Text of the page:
Don't change the magic system. Change the magic domains already provided, and you change the game. You might as well not call it Master of Magic; please don't corrupt the brand just because it'll bring in more money to call it that. Life, Death, Sorcery, Chaos, and Nature; I can't imagine adding anything to that system, nor removing anything. One might decide to subdivide the system, or perhaps make inter-domain specializations (for example, an Elemental Earth focus that makes it easier to cast Earth Elemental—a Nature spell—and Cracks Call—a Chaos spell, since they are both earth based, but makes it harder to cast wind mastery—a Sorcery spell—and... oh, I don't know, Summon Sprites). But the Nodes system is great as it is, and I don't want to see it altered too much.

I wouldn't even change the races too much. I have read that gnolls are “useless,” but I have also read that gnolls are great if you ignore ruins and nodes, and focus on eliminating the other wizards early on, before they've developed too much beyond swordsmen and cavalry (of which gnolls are probably the best in the game). And, of course, if you eliminate a wizard early on, you get their cities, and can use those cities to develop more advanced armies while your gnolls continue to harass the other wizards.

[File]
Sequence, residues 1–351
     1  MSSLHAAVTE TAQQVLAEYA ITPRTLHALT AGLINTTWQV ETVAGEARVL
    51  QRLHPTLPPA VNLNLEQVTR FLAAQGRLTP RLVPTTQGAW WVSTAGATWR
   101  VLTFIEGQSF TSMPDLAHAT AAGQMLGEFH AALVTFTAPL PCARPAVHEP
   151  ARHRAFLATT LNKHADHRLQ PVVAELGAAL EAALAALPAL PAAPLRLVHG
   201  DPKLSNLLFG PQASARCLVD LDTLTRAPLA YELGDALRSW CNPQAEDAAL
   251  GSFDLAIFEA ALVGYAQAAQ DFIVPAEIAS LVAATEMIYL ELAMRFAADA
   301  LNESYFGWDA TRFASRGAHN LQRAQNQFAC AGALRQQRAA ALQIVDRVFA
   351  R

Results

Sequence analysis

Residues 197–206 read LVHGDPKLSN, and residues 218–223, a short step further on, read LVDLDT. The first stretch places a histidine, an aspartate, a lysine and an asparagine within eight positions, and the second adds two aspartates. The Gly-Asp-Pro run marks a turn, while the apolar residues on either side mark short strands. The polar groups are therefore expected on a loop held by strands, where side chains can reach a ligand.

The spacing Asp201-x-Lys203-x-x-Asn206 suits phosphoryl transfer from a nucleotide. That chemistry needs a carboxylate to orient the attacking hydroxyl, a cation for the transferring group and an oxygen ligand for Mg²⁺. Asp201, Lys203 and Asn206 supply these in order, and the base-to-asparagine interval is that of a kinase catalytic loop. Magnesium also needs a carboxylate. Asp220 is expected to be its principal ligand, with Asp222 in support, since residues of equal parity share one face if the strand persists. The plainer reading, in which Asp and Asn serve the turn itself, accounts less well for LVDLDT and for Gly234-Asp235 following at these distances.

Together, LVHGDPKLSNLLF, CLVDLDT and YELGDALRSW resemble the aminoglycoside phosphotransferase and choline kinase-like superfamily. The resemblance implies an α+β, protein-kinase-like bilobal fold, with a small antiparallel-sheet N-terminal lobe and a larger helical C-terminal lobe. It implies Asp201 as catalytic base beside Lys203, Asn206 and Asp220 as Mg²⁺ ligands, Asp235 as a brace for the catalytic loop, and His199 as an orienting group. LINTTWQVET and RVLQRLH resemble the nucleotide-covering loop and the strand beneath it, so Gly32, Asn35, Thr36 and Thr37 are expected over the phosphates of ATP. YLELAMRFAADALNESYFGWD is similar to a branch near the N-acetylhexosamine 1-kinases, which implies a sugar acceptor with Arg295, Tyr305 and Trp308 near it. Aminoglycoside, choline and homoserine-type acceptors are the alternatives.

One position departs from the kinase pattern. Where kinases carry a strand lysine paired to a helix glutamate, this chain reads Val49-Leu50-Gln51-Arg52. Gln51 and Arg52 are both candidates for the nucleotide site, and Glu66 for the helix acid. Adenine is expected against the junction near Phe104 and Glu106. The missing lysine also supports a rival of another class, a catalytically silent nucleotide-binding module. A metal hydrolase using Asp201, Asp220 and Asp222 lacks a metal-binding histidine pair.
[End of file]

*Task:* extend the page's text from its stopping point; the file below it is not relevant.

Don't remove spells. I'm sure one might have concerns about play balancing, but I suggest one of two approaches. If one simply is too lazy to really put the effort into balancing the rather large number of possible spells (and possible strategies and exploits), don't bother grabbing the license. Just make a non-MOM fantasy style civlike game. However, the other possibility is to allow the player(s) to remove spells before the game begins. Just provide an interface by which the players in a multiplayer game can haggle over what spells they will allow and what spells they won't, and let them run with it.